Lolis Eric Elie Interviewed by Beverly Bell
August 28, 2012 Tomorrow, seven years to the day after Hurricane Katrina dodged New Orleans, the city will be venturing out to assess Hurricane Isaac’s overnight imprint on its neighborhoods. At the same time, it mourns the ongoing effects of the major flood that has left many parts of the city – especially low-income, African-American parts – devastated. Then, more than 50 levees broke and filled New Orleans with killing waters.
Below, writer Lolis Eric Elie speaks to the connections between his native New Orleans and Haiti, which did not escape Hurricane Isaac. Officially, 24 people died when the hurricane passed through on August 25, though the numbers of those who will die from secondary effects such as hunger and cholera will never be counted. Elie’s discussion, however, focuses on an earlier disaster in Haiti, the epic 7.0 earthquake of January 12, 2010.
Elie is one of the writers of the HBO hit series Treme and co-producer of the documentary Faubourg Treme.
A friend of mine visited Haiti post-earthquake and he sent back a bunch of pictures of fresh graves of people with my last name. I’ve always known that there were Elies there, but that personal connection, seeing it that way… I can’t escape imagining people with my last name and my blood perishing in the earthquake.
In terms of obvious connections, the architecture strikes you immediately: the shutters and the stucco construction, the colors people paint their houses. These things make places in Haiti look very much like parts of New Orleans. The food is also a striking parallel. In Haiti, you have a version of New Orleans’ red beans and rice. You also get a sense of celebration in that culture that parallels our own. For example, considering how small Haiti is, it’s amazing that their visual art has had the incredible influence that it has had. There are at least a half dozen signature styles of Haitian visual arts, whereas you couldn’t say, “That’s obviously a painting from Brazil, or from Poland.”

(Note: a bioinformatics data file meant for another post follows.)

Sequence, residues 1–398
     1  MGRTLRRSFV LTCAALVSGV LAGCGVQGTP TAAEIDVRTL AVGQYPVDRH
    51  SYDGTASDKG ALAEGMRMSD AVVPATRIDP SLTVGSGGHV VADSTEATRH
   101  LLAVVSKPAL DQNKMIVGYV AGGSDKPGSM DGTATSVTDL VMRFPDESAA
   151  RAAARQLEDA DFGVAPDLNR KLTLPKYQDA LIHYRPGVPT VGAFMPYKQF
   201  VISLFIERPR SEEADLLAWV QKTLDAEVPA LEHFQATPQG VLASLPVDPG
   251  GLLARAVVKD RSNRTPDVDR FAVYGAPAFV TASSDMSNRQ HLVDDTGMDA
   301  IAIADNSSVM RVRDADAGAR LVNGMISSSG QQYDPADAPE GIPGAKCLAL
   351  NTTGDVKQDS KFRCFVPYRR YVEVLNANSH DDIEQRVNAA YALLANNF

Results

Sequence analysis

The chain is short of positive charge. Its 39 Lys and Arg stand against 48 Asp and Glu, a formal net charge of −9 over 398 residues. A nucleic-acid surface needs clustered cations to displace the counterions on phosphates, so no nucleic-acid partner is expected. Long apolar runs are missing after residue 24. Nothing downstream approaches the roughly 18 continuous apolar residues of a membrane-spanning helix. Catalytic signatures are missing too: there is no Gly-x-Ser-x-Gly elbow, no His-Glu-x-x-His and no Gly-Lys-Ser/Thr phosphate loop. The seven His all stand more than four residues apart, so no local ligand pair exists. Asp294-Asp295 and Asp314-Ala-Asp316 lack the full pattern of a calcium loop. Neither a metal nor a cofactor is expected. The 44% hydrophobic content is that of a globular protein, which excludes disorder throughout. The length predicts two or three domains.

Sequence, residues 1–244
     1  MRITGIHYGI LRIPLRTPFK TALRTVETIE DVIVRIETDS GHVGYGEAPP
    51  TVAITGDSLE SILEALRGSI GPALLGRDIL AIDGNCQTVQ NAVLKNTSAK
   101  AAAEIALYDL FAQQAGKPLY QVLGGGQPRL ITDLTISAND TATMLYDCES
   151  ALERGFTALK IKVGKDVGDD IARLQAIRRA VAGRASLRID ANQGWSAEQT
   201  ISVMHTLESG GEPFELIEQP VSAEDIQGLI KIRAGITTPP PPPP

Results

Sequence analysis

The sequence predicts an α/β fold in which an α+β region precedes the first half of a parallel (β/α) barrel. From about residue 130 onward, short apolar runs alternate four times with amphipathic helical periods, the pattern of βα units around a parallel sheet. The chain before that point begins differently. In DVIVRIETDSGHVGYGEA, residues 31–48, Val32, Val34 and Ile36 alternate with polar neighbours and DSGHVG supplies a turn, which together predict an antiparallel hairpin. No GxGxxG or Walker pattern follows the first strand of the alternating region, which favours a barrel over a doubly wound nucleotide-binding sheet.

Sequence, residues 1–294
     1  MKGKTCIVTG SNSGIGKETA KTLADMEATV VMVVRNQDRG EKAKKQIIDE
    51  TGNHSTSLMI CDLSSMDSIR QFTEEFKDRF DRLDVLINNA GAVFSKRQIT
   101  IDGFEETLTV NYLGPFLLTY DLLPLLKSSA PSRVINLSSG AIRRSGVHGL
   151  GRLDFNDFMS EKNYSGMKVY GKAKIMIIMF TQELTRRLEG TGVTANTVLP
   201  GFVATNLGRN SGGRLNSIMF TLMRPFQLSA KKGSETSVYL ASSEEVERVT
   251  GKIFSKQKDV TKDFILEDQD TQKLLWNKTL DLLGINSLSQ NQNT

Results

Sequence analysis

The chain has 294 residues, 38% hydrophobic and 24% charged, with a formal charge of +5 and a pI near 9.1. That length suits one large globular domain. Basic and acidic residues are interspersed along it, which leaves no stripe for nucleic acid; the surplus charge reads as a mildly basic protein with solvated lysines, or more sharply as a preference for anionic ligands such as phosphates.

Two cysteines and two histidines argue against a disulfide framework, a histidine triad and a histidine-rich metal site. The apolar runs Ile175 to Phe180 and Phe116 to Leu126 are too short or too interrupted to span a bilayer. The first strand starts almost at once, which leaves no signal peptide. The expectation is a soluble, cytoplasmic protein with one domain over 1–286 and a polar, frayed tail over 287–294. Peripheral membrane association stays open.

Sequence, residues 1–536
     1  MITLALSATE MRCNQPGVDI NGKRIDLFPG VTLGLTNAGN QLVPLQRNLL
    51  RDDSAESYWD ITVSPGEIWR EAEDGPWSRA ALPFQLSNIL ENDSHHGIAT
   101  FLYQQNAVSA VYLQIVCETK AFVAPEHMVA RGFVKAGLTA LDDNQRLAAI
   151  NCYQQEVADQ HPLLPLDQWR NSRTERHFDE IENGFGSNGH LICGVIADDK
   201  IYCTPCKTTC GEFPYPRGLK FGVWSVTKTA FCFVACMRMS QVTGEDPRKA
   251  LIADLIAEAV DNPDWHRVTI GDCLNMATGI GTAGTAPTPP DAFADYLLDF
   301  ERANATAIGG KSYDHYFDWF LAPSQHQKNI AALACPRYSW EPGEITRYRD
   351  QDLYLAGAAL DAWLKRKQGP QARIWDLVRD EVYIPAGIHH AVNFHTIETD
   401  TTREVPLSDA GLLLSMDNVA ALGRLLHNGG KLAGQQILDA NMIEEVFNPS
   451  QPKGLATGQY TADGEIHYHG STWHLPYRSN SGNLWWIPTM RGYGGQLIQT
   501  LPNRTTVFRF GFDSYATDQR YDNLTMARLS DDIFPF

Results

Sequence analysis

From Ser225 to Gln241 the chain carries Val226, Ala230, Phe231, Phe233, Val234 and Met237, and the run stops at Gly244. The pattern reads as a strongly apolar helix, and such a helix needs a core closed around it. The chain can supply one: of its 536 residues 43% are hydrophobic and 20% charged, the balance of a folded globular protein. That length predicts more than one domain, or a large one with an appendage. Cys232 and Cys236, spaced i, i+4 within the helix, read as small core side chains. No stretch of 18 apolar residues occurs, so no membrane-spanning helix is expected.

We also share with Haiti the fact that the things that are richest are the same that are the least valued by the people who count these things. Part of what was so heartbreaking about New Orleans post-levee failure was the fact that we had to explain to people why we were important, why we mattered. And even in the context of trying to make that case, we often found ourselves minimizing our cultural riches and maximizing our discussions of international trade and oil refining and drilling. We found ourselves forced to speak in the language of a marketplace when that is certainly not the thing that has made New Orleans singular.
Haiti is similar. If you took it out of the world market picture, financial markets would not collapse. But if you took Haiti out of the cultural picture through its music, its architecture, its visual arts, we as a world community would be greatly impoverished.
The other thing we share with Haiti is this assumption that somehow we deserve our misfortune. Or that somehow misfortune follows us so closely and so consistently that no one should be surprised.